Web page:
12. Scoring the Record • Substitutions, Insertions, Omissions, Teacher-told responses • are scored as errors. • Repetitions are not scored as errors. • Corrected responses are scored as self-corrections. There • is no penalty for attempts that result in a correct response. • Multiple unsuccessful attempts at a word score as one error. • If the reader omits a line or lines, each word omitted is • counted as an error. • If the reader omits a page, deduct the number of words on the • page from the total word count. • It the reader repeatedly makes an error with a proper noun • count it as one error.

  13. Scoring Running Records Error Rate 1. Count the number of errors. 2. Compare this with the number of words in the passage. 3. Calculate the error rate. Total number of words in the passage Number of words Example: 100 words, 5 errors 100 = 20 = ratio 1:20 5 1

  14. Scoring Running Records Accuracy Rate 1. Subtract the number of errors from the total number of words 2. Divide by the number of words Number of words minus errors Number of words Example: 100 words - 7 errors Number of words 93 100 = 93% =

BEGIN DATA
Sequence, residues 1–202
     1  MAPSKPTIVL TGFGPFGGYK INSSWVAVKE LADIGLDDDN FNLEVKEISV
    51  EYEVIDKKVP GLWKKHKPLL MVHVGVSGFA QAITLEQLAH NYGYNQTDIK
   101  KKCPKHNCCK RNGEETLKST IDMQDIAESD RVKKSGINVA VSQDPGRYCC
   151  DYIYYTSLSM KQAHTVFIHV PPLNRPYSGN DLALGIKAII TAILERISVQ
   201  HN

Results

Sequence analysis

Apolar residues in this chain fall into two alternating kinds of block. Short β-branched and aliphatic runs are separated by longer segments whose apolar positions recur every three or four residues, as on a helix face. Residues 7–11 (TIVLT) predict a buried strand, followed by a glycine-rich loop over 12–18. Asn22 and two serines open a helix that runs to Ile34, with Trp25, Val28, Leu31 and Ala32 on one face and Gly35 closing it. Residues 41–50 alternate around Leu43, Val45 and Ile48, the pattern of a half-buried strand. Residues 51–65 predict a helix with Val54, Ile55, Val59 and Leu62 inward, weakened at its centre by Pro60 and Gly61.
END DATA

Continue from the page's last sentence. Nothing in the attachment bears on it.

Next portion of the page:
15. Scoring Running Records Self Correction Rate 1. Add the number of errors and self corrections together. 2. Divide be the number of self corrections. Number of errors and self corrections Self corrections Example: 10 + 5 = 15 = 3 ratio 1:3 5 5

  16. Assessment Category descriptionAccuracy rate Easy enough for independent reading 95 – 100% Instructional level for use in guided reading session. 90 – 94% Too difficult and will frustrate the reader 89% and below

  17. Categories You can use the Accuracy Rate to determine the following: Category DescriptionAccuracy Rate Range Easy Enough for Independent Reading 95 - 100 % Instructional level for use in guided reading 90 - 94% Too difficult and will frustrate the reader 89% and below

  18. Recording Observations Record your observation of the strategy used by the child when he/she self corrects. Use this symbol when the child uses context clues, pictures, to assist in reading he word or phrase. M Use this symbol when the child uses the structure or syntax of the language to assist in reading the word or phrase S Use this symbol when the child uses phonics clues to assist in the reading of the word or phrase V

  19. The Running Record Form Student’s Name______________________ Date:___________ Title_________________Level______Number of Words______